Both sides realized that they could gain greater control of the fur trade and of fishing grounds as well as extend their territory. Both sides worked through the native Americans, and New York struck first by urging the Iroquois to create havoc on their behalf.  The result was the Lachine massacre.

Then in 1690 in a reprisal, the French made a three-pronged attack from Montreal, Trois-Rivieres and Quebec against Schenectady, Salmon Falls and Casco.   Cotton Mather was one of many voices clamoring for Canada to be reduced.  In April 1690, Major General William Phips led a force against Port-Royal, resulting in complete success.  This only whetted the appetite for further action.  In August of that year, 30 vessels with 2300 men left from Nantasket with the destination of Quebec.

A majority of the Dorchester men on the expedition sailed on the ship Elizabeth and Mary, a ship of 45 tuns, about 50 to 55 feet in length. A militia company at that time was a company in a single town, made up of all the able men from 16 to 60 years of age.   74 men from Dorchester made up the Dorchester militia out of a total population of only a few hundred.  46 of these men never returned.  The Elizabeth and Mary was lost in the retreat.

When the Phips expedition arrived at Quebec, Phips demanded surrender within an hour.  Frontenac said that the only answer he would give would be from the muzzles of his cannons.  Winthrop was supposed to lead an Army from New England to meet up with the naval forces, but the Army never set out.  Phips was left up the creek, or in this case up the Saint Lawrence.  So he turned around and went home.  Four ships were lost but the Elizabeth and Mary was the only one that no one knew what had happened to.

This was pretty much the end of the story until Dec. 24, 1994, when a diver in the St. Lawrence at Baie-Trinite found the remains of a ship.  Canada mounted what was probably the largest underwater archeological project ever in the western hemisphere. At the time, they did not know the origin of the ship, but they could see that it was an important find.  It was the oldest shipwreck ever found in Quebec and it resulted in 4500 artifacts.  By analyzing the historical record and the items they found, they discovered that the wreck had to be the Elizabeth and Mary.

A porringer handle showed the initials M  I  S     Increase and Sarah Moseley

A musket had the initials CT    Cornelius Tileston.

These initials matched names of men known to have been lost on the ship.  ____ The Dorchester Illustration of the Day (DIOTD) is sent weekdays. If you receive this e-mail by mistake, please reply to be taken off the e-mail list. If you know others who would like to receive the daily e-mail, please encourage them to join the group by going to http://groups.google.com/group/dorchester-historical-society. You may contact Earl Taylor at ERMMWWT@aol.com If you value receiving the DIOTD, please express your appreciation by making a donation to the Dorchester Historical Society, either by regular mail at 195 Boston Street, Dorchester, MA 02125, or through the website at www.DorchesterHistoricalSociety.org

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Dorchester Illustration of the Day no. 2121 Florian Hall

Dorchester Illustration of the Day no. 2121

Mural at Florian Hall.

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The Dorchester Illustration of the Day (DIOTD) is sent weekdays. If you receive this e-mail by mistake, please reply to be taken off the e-mail list. If you know others who would like to receive the daily e-mail, please encourage them to join the group by going to http://groups.google.com/group/dorchester-historical-society. You may contact Earl Taylor at ERMMWWT@aol.com

If you value receiving the DIOTD, please express your appreciation by making a donation to the Dorchester Historical Society, either by regular mail at 195 Boston Street, Dorchester, MA 02125, or through the website at www.DorchesterHistoricalSociety.org

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Dorchester Illustration of the Day no. 2120 Norfolk and Nelson Streets

Dorchester Illustration of the Day no. 2120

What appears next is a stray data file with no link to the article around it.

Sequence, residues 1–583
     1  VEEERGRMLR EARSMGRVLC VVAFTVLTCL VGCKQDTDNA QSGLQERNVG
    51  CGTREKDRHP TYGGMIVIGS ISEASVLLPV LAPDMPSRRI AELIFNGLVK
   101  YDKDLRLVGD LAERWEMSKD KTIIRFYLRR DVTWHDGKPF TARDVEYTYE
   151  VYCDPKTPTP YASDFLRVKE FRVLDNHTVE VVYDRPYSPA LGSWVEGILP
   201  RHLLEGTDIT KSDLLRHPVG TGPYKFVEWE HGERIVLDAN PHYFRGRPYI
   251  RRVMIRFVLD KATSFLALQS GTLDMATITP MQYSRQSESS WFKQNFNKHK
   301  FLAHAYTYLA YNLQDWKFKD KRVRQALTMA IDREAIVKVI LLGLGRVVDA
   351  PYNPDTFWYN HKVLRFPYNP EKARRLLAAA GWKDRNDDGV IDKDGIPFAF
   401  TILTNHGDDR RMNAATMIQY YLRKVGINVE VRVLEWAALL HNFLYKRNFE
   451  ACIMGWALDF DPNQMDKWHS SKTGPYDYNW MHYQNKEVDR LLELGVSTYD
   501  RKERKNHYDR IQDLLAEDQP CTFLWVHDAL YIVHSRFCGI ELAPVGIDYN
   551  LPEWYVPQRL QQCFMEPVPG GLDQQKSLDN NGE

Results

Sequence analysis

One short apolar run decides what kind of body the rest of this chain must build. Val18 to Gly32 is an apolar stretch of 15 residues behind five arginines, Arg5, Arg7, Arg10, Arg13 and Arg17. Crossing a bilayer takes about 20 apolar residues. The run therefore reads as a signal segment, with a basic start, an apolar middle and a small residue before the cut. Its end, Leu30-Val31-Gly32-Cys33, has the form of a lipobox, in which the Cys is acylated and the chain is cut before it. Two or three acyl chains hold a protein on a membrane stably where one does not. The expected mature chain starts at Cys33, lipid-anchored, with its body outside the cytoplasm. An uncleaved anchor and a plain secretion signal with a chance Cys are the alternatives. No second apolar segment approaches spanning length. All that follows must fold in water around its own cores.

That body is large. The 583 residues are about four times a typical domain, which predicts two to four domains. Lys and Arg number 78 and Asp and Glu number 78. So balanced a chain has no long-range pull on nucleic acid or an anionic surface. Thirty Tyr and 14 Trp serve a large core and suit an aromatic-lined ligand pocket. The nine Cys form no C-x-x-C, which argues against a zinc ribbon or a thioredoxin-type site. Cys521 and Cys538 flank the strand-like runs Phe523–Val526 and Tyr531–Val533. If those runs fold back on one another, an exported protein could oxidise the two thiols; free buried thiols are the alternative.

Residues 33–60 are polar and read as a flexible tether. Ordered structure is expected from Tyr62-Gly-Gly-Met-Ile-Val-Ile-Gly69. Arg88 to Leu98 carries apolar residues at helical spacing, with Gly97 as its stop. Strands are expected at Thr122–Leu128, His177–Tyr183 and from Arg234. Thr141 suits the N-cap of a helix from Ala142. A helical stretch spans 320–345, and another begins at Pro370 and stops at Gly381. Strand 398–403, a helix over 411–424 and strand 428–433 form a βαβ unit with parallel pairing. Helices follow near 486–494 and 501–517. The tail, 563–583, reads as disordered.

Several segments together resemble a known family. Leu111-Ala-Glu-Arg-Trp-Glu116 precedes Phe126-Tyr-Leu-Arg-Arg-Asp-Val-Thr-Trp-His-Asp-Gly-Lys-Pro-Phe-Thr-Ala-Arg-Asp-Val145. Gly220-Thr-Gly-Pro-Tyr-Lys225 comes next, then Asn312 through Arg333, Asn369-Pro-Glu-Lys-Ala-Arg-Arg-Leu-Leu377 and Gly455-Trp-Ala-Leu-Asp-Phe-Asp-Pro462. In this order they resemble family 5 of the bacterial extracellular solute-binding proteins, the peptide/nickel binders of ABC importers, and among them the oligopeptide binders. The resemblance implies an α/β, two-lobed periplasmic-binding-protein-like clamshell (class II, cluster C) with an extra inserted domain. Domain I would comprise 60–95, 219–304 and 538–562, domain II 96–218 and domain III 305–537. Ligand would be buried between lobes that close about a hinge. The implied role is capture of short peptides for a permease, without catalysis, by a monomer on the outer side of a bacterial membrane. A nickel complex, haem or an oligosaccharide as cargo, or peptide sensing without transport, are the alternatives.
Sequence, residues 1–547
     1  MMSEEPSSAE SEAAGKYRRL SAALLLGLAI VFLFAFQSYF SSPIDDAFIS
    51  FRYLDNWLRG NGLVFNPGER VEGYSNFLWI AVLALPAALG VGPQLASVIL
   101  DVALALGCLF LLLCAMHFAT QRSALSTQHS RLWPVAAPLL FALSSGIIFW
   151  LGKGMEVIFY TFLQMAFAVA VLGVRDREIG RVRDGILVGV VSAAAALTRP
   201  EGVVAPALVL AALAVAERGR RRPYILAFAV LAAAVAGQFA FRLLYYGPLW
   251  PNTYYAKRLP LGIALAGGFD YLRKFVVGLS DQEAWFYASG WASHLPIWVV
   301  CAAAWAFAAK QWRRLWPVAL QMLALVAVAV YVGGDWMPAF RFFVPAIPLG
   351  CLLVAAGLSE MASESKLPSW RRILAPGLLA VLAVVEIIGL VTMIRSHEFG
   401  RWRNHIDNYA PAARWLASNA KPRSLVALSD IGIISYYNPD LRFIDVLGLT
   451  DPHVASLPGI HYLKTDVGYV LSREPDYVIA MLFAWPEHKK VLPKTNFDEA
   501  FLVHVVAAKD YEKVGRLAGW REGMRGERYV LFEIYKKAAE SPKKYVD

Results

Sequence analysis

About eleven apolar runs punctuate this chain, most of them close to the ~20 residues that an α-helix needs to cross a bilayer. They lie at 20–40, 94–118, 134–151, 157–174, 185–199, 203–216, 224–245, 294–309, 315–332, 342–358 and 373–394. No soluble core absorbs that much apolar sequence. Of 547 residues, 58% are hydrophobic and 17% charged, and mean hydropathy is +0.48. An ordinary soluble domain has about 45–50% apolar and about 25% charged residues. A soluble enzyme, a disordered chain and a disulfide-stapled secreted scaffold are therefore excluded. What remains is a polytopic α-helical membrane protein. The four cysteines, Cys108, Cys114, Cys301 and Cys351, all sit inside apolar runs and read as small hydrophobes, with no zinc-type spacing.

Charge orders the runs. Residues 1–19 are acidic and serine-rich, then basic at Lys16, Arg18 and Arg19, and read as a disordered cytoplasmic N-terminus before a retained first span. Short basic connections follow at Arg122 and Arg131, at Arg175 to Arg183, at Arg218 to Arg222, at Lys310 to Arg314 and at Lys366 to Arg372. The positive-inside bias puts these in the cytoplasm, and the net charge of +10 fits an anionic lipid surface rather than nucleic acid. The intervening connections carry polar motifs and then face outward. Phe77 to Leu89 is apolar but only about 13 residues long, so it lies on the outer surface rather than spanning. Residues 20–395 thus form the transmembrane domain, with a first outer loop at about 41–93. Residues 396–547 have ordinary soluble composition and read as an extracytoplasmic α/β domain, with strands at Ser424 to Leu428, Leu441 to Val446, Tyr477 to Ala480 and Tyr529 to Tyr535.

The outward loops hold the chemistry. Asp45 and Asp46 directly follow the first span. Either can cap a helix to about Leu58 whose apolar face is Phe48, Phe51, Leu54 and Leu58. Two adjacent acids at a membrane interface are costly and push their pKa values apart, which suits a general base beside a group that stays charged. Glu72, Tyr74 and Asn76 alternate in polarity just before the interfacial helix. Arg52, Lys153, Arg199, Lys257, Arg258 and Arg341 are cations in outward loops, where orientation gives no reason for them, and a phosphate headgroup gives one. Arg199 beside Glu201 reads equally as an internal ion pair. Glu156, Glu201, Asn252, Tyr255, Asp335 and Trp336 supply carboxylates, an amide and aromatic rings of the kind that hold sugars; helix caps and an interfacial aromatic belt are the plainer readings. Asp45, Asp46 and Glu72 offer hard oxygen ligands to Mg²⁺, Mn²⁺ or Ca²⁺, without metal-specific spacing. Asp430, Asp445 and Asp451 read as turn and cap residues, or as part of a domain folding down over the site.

Looking east at the intersection of Norfolk and Nelson Streets, ca. 1930.

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The Dorchester Illustration of the Day (DIOTD) is sent weekdays. If you receive this e-mail by mistake, please reply to be taken off the e-mail list. If you know others who would like to receive the daily e-mail, please encourage them to join the group by going to http://groups.google.com/group/dorchester-historical-society. You may contact Earl Taylor at ERMMWWT@aol.com

If you value receiving the DIOTD, please express your appreciation by making a donation to the Dorchester Historical Society, either by regular mail at 195 Boston Street, Dorchester, MA 02125, or through the website at www.DorchesterHistoricalSociety.org

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Dorchester Illustration of the Day no. 2119 Ulysses S. Grant

Dorchester Illustration of the Day no. 2119

Ulysses S. Grant by William F. Cogswell from United States Senate website

The following is from: Personal Memoirs of U.S. Grant, 1885

Ancestry-birth-boyhood

My family is American, and has been for generations, in all its branches, direct and collateral.

Mathew [Matthew] Grant the founder of the branch in America of which I am a descendant, reached Dorchester, Massachusetts in May, 1630. In 1635 he moved to what is now Windsor Connecticut, and was the surveyor for that colony for more than forty years. He was also, for many years of the time, town clerk. He was a married man when he arrived at Dorchester, but his children were all born in this country. His eldest son, Samuel, took lands on the east side of the Connecticut River, opposite Windsor, which have been held and occupied by descendants of his to this day.

I am of the eighth generation from  Mathew Grant, and seventh from Samuel. Mathew Grant’s first wife died a few years after their settlement in Windsor, and he soon after married the widow Rockwell, who, with her first husband, had been fellow-passengers with him and his first wife, on the ship Mary and John, from Dorchester, England, in 1630. Mrs. Rockwell had several children by her first marriage, and others by her second. By intermarriage, two or three generations later, I am descended from both the wives of Mathew Grant.

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The Dorchester Illustration of the Day (DIOTD) is sent weekdays. If you receive this e-mail by mistake, please reply to be taken off the e-mail list. If you know others who would like to receive the daily e-mail, please encourage them to join the group by going to http://groups.google.com/group/dorchester-historical-society. You may contact Earl Taylor at ERMMWWT@aol.com

If you value receiving the DIOTD, please express your appreciation by making a donation to the Dorchester Historical Society, either by regular mail at 195 Boston Street, Dorchester, MA 02125, or through the website at www.DorchesterHistoricalSociety.org